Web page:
Sport and Exercise Sciences MRes/PGCert
- Name: Sport and Exercise Sciences
- Qualification: MRes/Certificate: Students who complete 60 credits of taught modules gain a certificate award
- Duration: MRes: 1 year full-time, 3 years part-time (as standard but students can request to study over two years); Certificate: 30 weeks full-time.
This programme has been designed to provide students with the opportunity to develop a critical understanding of the principles and application of research design and analytical methods relevant to the scientific study of sport and exercise sciences. In contrast to our MRes programmes in Sport and Exercise Physiology and Psychology, this programme gives students the option to study elements of both physiology and psychology. The programme facilitates the integration of theory and professional practice, and throughout the programme the research process and emphasis on student autonomy of learning become increasingly important.
You may have the opportunity to prepare for the British Association of Sport and Exercise Sciences (BASES) supervisory experience training, which is normally a pre-requisite of the Association’s professional accreditation.
BASES also organises an annual student conference. Former MSc students have won prestigious awards for ‘Best Postgraduate Verbal Presentation’ and ‘Best Postgraduate Poster Presentation’ at the BASES Student Conferences. These awards are open to MSc, MRes and PhD students from all UK Universities.
Course content is for guidance purposes only and may be subject to change.
Please click on the link below to see the modules for the current academic year.
Modules for the current academic year
Module listings are for guide purposes only and are subject to change. Find out what our students are currently studying on the Sport and Exercise Sciences Modules page.
At least a 2.2 honours degree (or equivalent) in a relevant subject.
Students with a degree from a different academic area may also be considered. Working professionals with non-graduate qualifications will be assessed on an individual basis. Please contact us.
EU and Overseas students, whose first language is not English, are required to take the standardised English Language test (IELTS) at their British Council before the June of their admission to the course.
Students who achieve a score of 6.5 or above (no individual score below 6.0) are eligible for direct entry to the course.
For information and further detailed guidance on entry requirements for International Students, including the minimum English Language entry requirement, please visit the Entry Requirements by Country pages on the International Education Centre section of our website.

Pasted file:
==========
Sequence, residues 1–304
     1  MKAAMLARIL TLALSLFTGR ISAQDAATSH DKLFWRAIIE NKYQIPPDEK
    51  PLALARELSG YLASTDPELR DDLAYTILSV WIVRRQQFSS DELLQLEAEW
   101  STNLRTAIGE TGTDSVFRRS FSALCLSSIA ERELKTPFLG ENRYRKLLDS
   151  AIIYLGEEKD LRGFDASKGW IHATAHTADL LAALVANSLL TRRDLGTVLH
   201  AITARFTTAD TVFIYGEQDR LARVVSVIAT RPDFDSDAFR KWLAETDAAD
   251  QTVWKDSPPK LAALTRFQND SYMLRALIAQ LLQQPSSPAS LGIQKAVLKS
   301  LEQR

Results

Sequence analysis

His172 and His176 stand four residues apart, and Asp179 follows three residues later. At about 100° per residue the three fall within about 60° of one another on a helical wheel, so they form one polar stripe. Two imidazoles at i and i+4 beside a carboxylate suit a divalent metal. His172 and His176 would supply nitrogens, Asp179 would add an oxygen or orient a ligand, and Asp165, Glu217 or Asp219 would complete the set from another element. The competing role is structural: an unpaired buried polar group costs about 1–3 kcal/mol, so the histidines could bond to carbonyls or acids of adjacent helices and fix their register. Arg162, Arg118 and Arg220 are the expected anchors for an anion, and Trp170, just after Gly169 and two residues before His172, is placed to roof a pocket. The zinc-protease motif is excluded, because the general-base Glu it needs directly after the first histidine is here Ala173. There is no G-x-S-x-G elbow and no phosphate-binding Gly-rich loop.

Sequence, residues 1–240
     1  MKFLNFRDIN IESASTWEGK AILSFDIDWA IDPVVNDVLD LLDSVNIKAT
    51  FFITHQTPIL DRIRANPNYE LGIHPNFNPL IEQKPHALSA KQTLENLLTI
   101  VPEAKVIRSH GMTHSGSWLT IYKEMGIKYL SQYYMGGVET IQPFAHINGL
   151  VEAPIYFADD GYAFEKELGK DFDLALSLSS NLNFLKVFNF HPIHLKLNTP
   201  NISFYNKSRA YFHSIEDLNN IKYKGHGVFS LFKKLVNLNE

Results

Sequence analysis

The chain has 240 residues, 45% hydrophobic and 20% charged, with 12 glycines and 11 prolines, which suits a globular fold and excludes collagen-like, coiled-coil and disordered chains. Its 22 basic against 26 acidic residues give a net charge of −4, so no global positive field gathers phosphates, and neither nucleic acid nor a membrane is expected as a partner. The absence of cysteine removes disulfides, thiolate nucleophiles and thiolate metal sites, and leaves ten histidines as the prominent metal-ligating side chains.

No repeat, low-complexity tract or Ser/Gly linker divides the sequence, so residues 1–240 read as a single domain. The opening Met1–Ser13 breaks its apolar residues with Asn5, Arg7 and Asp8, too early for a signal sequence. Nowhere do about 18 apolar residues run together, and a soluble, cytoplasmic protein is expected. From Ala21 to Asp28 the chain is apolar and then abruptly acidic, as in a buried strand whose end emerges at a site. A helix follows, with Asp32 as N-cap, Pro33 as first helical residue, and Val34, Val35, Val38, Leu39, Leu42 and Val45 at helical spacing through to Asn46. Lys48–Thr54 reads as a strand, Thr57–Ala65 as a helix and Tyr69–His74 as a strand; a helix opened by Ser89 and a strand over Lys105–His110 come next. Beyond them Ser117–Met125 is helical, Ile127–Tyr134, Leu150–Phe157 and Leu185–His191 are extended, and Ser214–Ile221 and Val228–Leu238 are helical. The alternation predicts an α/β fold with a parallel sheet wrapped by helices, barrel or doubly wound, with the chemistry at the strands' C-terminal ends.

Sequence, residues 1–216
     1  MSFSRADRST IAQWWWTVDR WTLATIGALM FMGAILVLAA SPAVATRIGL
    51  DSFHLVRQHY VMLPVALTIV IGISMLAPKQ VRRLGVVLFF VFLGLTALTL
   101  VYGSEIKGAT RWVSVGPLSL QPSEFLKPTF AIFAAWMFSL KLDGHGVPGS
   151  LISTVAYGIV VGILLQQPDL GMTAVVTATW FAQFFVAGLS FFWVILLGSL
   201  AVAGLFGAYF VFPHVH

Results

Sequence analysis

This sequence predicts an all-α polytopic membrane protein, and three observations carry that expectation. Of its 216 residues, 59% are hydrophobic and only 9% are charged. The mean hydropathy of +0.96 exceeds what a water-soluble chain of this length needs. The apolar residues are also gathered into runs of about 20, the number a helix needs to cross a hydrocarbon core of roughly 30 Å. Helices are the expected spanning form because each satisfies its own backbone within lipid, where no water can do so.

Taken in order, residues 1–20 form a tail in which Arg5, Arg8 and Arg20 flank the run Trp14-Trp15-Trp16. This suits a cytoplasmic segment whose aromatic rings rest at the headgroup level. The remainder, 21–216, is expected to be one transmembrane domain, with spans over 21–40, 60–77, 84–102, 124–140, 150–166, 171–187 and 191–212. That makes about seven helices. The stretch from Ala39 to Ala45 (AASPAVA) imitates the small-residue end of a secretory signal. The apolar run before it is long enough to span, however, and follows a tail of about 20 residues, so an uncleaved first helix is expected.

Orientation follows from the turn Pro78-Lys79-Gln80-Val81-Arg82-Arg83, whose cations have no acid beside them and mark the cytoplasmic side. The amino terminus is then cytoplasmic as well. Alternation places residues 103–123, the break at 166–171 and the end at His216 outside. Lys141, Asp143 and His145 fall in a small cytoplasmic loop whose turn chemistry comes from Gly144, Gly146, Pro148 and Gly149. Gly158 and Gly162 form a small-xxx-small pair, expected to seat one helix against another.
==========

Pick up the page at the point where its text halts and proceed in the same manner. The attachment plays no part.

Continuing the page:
Ask the IEC for assistance...
If you want advice or a general chat about what’s available contact the International Education Centre on +44 (0) 1248 382028 or email firstname.lastname@example.org
Applicants who are interested in undertaking an MRes programme should first identify a potential supervisor from the staff list available on the School website.
They should follow the online application process for PhD/MPhil students which can be found here.
In addition, students should prepare a brief outline of their proposed area of research to accompany their application form
Applications for research degrees differ substantially from applications for taught courses such as Masters degrees. Although the application form is the same, the way in which you approach your application can make all the difference.
Applying for a self-funded or externally-funded Research Degree
As with all of our courses, you can apply to fund yourself through a PhD/Mphil at Bangor, or you may already have sourced external funding (e.g. from your employer or government), and we warmly welcome all expressions of interest in so doing. However, rather than simply filling in an application form, there are a few steps that you can take in order that your application stands a greater chance of being successful.
All PhD/Mphil students require supervision from at least one academic member of staff at the University, and if you are considering a PhD/Mphil, you will already have a good idea of the specific area or theme that you want to research. In order to ascertain that we hold sufficient expertise in your chosen topic to provide supervision, you should first look at our staff pages. This will provide you with a breakdown of each staff member’s area of academic focus.